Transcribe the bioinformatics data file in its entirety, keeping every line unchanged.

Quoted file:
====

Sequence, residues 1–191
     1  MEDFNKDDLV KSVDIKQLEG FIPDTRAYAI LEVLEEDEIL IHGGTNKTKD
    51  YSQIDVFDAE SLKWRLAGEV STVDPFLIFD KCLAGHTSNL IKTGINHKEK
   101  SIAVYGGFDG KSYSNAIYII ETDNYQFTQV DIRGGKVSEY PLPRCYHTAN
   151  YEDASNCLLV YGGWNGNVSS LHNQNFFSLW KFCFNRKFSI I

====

Sequence, residues 1–191
     1  MEDFNKDDLV KSVDIKQLEG FIPDTRAYAI LEVLEEDEIL IHGGTNKTKD
    51  YSQIDVFDAE SLKWRLAGEV STVDPFLIFD KCLAGHTSNL IKTGINHKEK
   101  SIAVYGGFDG KSYSNAIYII ETDNYQFTQV DIRGGKVSEY PLPRCYHTAN
   151  YEDASNCLLV YGGWNGNVSS LHNQNFFSLW KFCFNRKFSI I